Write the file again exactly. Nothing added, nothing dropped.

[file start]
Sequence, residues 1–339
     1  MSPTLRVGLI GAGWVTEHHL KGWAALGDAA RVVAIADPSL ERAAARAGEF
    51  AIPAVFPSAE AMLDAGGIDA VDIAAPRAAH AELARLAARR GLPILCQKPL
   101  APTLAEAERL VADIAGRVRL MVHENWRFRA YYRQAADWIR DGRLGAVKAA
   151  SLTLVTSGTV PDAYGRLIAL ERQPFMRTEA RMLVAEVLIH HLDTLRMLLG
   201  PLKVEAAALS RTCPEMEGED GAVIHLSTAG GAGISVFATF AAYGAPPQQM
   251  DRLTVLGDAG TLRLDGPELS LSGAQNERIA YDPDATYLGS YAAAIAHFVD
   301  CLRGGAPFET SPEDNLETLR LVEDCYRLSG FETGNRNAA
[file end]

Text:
Sequence, residues 1–339
     1  MSPTLRVGLI GAGWVTEHHL KGWAALGDAA RVVAIADPSL ERAAARAGEF
    51  AIPAVFPSAE AMLDAGGIDA VDIAAPRAAH AELARLAARR GLPILCQKPL
   101  APTLAEAERL VADIAGRVRL MVHENWRFRA YYRQAADWIR DGRLGAVKAA
   151  SLTLVTSGTV PDAYGRLIAL ERQPFMRTEA RMLVAEVLIH HLDTLRMLLG
   201  PLKVEAAALS RTCPEMEGED GAVIHLSTAG GAGISVFATF AAYGAPPQQM
   251  DRLTVLGDAG TLRLDGPELS LSGAQNERIA YDPDATYLGS YAAAIAHFVD
   301  CLRGGAPFET SPEDNLETLR LVEDCYRLSG FETGNRNAA